Benoist - Exactly! Each group has a sweet spot, and only the group knows where it is.

Ryan - Excellent examples! Sometimes it takes a long period of play for a campaign to go completely a-historical, with small changes accumulating until suddenly it all precipitates into a new alt-reality, and historicity is definitely violated. My current IHW:Napoleonic IRC game is like that, whereas my face to face game left history in the dust long ago. It happened with O'Brian - the last few novels were jammed into a peculiarly elongated war because O'Brian still had things to say about Aubrey and Maturin, and not enough war to say it all in. :D

-clash

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Thu May 12, 2011 2:28 pm
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Post Re: Historical and Alt-Historical Gaming
flyingmice wrote:
It happened with O'Brian - the last few novels were jammed into a peculiarly elongated war because O'Brian still had things to say about Aubrey and Maturin, and not enough war to say it all in. :D

Yeah, my favorites in the series take place in the repeating 1813.

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Thu May 12, 2011 2:40 pm
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Post Re: Historical and Alt-Historical Gaming
But, not that I've done this, surely you can have an historical game where (a) it's virtually impossible for the players to change history, on any significant scale, but (b) the players are nevertheless in the thick of it.

Saving Private Ryan is my chief example. And actually I'd imagine that Clash's two historical airplane games (Aces in Spades and Aces and Angels) would be pretty much like this.


Thu May 12, 2011 6:02 pm
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Post Re: Historical and Alt-Historical Gaming
ewilen wrote:
But, not that I've done this, surely you can have an historical game where (a) it's virtually impossible for the players to change history, on any significant scale, but (b) the players are nevertheless in the thick of it.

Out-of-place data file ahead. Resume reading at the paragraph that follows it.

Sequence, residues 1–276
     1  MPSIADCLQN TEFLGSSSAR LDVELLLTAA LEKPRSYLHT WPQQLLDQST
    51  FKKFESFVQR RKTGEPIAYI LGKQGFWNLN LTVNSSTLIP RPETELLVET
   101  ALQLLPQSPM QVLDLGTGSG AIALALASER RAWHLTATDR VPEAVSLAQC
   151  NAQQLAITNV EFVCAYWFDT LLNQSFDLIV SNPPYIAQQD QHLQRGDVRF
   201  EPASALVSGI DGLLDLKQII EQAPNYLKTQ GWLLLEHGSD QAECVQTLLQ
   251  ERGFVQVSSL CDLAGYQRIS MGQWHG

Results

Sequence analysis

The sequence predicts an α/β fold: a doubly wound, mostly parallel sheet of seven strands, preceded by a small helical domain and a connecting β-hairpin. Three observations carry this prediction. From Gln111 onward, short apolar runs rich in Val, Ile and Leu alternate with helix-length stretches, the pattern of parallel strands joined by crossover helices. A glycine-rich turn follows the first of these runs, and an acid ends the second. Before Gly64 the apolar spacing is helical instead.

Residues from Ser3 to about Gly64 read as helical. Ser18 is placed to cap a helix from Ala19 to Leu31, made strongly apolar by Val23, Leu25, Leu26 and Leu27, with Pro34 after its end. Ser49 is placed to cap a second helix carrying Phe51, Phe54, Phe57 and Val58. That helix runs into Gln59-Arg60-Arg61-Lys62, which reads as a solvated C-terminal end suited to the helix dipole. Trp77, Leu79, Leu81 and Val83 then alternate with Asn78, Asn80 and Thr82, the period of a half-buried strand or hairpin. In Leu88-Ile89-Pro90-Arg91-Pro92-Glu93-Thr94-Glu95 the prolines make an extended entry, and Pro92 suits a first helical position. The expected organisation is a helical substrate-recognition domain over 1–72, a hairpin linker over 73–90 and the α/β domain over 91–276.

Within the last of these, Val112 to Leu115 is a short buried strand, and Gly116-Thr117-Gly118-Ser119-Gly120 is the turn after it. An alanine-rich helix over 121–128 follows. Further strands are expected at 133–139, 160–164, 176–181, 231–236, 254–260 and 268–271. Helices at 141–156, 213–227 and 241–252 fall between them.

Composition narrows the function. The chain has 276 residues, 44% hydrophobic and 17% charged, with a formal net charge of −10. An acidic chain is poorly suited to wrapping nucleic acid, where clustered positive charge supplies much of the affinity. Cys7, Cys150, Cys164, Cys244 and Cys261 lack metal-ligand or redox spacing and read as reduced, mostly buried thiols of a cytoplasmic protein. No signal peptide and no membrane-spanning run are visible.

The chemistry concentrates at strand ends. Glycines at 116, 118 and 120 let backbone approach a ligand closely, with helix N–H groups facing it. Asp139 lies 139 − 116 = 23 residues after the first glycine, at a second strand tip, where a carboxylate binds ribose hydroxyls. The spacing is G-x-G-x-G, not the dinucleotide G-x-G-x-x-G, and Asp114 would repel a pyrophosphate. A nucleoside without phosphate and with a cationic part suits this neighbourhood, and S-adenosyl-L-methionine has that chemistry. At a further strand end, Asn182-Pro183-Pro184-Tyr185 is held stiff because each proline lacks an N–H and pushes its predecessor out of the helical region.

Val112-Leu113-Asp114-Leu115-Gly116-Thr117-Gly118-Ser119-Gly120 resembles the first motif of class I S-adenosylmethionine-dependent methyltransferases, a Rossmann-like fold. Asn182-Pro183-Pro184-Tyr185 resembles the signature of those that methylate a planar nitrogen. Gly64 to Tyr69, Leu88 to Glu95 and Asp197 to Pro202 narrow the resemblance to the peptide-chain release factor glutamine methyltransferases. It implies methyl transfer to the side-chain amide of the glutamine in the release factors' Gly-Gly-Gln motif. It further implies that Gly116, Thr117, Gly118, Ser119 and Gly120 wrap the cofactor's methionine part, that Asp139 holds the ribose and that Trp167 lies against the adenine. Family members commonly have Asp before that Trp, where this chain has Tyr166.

Yes you can. This happened in my Aces & Angels, WWII campaign (RedTail Blues) about black fighter pilots.

As mentioned upthread it all depends on the groups fidelity to historical facts. This is why it's so problematic to have discussions about historical games online. When people think of historical games, the assumption is that all games are like what you described.

Regards,
David R

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Thu May 12, 2011 7:17 pm
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Post Re: Historical and Alt-Historical Gaming
Oh, yes! I was giving the two most common examples of how GMs who are nervous about historical gaming approach it. If that's the way you want to approach it, it's perfectly possible to do, so long as that's what the whole group is interested in doing. My IHW Napoleonic IRC game has been running for years, and they are still in the "haven't broken history" yet state, while still being "in the thick of it". My other IHW Napoleonic group, however, the one I run face to face, has been going since playtesting. and they began changing history before I published the game. These are the guys who, when presented with the capture of the Philadelphia in the Barbary wars, firebombed Tripoli from hot air balloons using fused kegs of naptha and crude. That's the way they are, larger than life, and the world has been changed accordingly. Every group is different.

-clash

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Thu May 12, 2011 7:41 pm
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Post Re: Historical and Alt-Historical Gaming
(EDIT: Cross-posted with Clash.)

Wait, but I mean that it's impossible because it would basically be inconceivable even from the characters' perspective. So there's little to no need to rein in the players (artificially).

I suppose, especially in the naval war, there were actually a few people who, because they made their skill rolls, they had a major effect on the war--like the dive bombers at Midway, or the Swordfish pilots in the hunt for the Bismarck.

If you're playing a soldier in Europe, up to a rank of, say, major (if you prefer, lieutenant or captain), you could be in the thick of it continuously and never really be in a position to change the course of the war.

The big issue that remains, though, is that the players might feel uncomfortable knowing what was going to happen next. Like if you were at Omaha Beach, it would be interesting to know if your character would live or die, and whether he'd kill or capture anybody, but there'd be no suspense over the actual success of the operation (at the one beach or Overlord as a whole).

And then there's a question of whether other stuff outside the fighting (between battles) would be of interest. Or if you'd just do a series of fights colored by the advancing state of the war. In any case, lots would be happening which would be of intense personal interest to the character & the player. (I mean, living or dying, doing your duty, having your friends survive or not--that's interesting stuff, right?)

Point being that for practical purposes, for certain types of campaign, you could stick 99.999% to history, give the players as much freedom as their characters would historically have, and still put them in the thick of it. The main issue would be whether knowing the future, not of yourself but of the war as a whole, would be too much of a drag on interest.


Thu May 12, 2011 7:56 pm